Volkswagen chief executive Herbert Diess reportedly was told about the existence of cheating software in cars two months before regulators blew the whistle on what became a multi-billion euro exhaust emissions scandal, media reports said.

Reuters said a Der Spiegel story, based on recently unsealed documents from the Braunschweig prosecutor's office, raised questions about whether VW informed investors in a timely manner about the scope of a scandal which it said had cost it more than US$27bn in penalties and fines.

The news agency noted Volkswagen's senior management, which had denied wrongdoing, was being investigated by prosecutors in Braunschweig, near where Volkswagen is headquartered, to see whether the company violated disclosure rules.

US regulators exposed VW's cheating on 18 September, 2015.

According to Reuters, VW reiterated the management board had not violated its disclosure duties and had decided to not inform investors earlier because they had failed to grasp the scope of the potential fines and penalties.

Citing documents unsealed by the Braunschweig prosecutor's office, Der Spiegel said Diess was present at a meeting on 27 July, 2015 when senior engineers and executives discussed how to deal with US regulators who were threatening to ban VW cars because of excessive pollution levels.

Diess was VW's brand chief at the time and became chief executive of the VW group last April.

The US Environmental Protection Agency (EPA) had found unusually high pollution levels in VW's vehicles and was threatening to withhold road certification for new cars until VW explained why pollution levels were too high, Reuters said.

Diess, who had moved from BMW on 1 July, 2015, joined the 27 July meeting with Volkswagen's then chief executive Martin Winterkorn to discuss how to convince regulators that VW's cars could be sold, a VW defence document filed with a court in Braunschweig in February, shows, according to the reports.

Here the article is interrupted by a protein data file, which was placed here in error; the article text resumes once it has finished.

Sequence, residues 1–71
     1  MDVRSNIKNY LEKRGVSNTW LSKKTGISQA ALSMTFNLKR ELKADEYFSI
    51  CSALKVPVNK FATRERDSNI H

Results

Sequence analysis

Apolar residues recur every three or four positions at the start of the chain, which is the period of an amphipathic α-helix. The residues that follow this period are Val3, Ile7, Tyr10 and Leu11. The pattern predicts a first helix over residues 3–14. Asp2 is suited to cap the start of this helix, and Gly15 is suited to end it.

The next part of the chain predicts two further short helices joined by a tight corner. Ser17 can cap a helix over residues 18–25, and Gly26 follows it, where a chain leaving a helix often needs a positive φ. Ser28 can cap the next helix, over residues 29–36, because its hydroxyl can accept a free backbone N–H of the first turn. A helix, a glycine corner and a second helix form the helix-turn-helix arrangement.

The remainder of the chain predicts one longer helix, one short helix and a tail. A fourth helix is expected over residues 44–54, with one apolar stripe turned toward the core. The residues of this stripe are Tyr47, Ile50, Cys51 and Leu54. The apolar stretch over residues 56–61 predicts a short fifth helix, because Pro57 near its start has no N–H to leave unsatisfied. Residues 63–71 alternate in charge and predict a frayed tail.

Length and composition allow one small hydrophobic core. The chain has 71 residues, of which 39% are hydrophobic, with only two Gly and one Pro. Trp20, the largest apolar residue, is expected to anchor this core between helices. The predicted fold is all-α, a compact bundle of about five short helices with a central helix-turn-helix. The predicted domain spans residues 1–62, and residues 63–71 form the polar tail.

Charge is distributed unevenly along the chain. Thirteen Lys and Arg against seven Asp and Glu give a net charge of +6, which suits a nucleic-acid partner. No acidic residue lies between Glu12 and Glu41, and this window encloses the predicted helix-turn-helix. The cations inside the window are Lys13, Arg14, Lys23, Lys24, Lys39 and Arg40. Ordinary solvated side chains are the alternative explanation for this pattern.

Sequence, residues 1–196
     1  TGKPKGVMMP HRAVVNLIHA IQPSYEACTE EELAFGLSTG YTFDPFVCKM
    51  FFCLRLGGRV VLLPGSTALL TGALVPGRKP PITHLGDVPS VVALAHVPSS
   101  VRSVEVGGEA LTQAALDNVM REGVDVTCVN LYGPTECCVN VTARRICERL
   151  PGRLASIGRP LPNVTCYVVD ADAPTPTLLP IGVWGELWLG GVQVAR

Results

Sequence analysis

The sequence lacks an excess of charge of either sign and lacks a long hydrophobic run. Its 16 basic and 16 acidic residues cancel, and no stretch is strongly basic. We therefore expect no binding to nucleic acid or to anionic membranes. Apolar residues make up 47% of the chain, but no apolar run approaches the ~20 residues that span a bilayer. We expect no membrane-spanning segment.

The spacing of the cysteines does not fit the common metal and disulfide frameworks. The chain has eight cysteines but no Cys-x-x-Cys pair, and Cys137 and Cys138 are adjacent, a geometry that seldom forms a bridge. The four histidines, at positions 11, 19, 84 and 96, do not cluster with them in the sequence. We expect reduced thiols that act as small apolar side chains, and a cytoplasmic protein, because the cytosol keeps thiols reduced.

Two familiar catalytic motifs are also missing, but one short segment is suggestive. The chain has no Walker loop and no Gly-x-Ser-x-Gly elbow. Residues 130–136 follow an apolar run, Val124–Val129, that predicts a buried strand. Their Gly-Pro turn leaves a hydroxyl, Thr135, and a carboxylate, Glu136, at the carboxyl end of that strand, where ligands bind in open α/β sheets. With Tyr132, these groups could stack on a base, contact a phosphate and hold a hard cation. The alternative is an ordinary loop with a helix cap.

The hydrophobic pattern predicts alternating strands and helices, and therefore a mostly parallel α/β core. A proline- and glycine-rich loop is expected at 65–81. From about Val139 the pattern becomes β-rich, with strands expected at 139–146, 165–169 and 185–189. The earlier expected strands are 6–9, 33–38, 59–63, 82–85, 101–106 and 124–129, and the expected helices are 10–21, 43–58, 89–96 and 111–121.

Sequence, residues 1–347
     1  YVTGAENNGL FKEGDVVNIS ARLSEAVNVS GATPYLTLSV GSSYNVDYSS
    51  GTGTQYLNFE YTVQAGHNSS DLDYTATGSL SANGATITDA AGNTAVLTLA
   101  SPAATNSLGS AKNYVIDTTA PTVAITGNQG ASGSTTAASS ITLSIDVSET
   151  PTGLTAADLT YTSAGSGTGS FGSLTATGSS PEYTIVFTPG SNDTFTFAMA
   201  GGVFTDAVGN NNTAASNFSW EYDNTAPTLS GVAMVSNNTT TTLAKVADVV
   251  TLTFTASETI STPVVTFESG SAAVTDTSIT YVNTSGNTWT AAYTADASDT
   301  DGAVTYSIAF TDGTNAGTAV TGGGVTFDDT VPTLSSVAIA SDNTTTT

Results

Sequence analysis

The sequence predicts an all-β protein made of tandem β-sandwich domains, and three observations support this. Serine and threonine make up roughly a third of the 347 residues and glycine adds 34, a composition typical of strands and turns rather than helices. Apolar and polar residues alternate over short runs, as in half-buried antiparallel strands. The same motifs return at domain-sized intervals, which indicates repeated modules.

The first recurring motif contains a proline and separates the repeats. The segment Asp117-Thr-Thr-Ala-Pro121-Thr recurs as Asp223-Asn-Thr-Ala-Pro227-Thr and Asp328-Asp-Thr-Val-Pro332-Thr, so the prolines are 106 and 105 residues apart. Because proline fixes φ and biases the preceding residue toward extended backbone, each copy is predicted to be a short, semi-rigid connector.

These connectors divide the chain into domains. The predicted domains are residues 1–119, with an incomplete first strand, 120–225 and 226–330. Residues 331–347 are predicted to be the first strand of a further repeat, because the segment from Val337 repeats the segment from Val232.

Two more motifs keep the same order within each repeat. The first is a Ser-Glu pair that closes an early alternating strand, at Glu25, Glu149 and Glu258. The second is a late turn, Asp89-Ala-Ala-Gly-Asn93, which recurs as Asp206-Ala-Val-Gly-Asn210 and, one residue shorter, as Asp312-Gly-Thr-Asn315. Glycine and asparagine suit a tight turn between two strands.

Reuters could not obtain comment from multiple VW officials.

Following this meeting, Winterkorn asked Diess whether BMW too had installed "defeat devices" in its cars, Der Spiegel said.

Reuters noted that, in the US, legal engine management software is described as an "auxiliary emissions device" while the term "defeat device" is used to describe only illegal software.

Diess is said to have answered that BMW had not made use of such software, Der Spiegel said.

Volkswagen told Reuters on Saturday: "The contents of the discussion, where Martin Winterkorn and Herbert Diess were present, cannot be fully reconstructed, because the recollections of the people who were present partially deviate."

Volkswagen added it was the task of authorities and courts to evaluate the conflicting statements and to assess whether individual witnesses were credible.

Diess and Winterkorn left the 27 July meeting taking a presentation with them, Der Spiegel said.

A VW employee intervened and cautioned the managers it would be better if they were not in possession of the presentation, Der Spiegel said.

Volkswagen told Reuters the purpose of the 27 July meeting was not to discuss whether Volkswagen had broken US law but how to resolve the issue of whether new models would be given regulatory clearance.

Volkswagen argued that it had struggled to understand whether its software was in fact illegal, the defense document filed with the Braunschweig court shows.

On 31 July, 2015 Volkswagen hired a law firm to help the company understand its regulatory troubles, and lawyers were unsure whether the software would be deemed an illegal "defeat device" in the United States, VW reportedly said in the court filing.

The court filing further said that Hans Dieter Poetsch, Volkswagen's finance chief at the time, on 14 September, 2015 believed the potential financial risk from regulatory penalties tied to emissions would be around EUR150m ($172 million).

Poetsch is now Volkswagen's chairman.

Volkswagen on Saturday reiterated to Reuters it had not violated disclosure rules and had informed investors in a timely manner about the financial scope of the scandal when it published an "ad hoc" disclosure notice on 22 September, 2015.

Volkswagen also said that, although it had admitted to using defeat devices to regulators on 3 September, 2015 it had assumed that penalties would not exceed EUR200m based on the size of fines imposed against rival carmakers who had committed similar regulatory breaches.

Because the company had already accrued sufficient provisions for vehicle recalls to cover this amount, there was no need to inform investors that profits could take a further hit before September 2015, Volkswagen's court filing said, according to Reuters.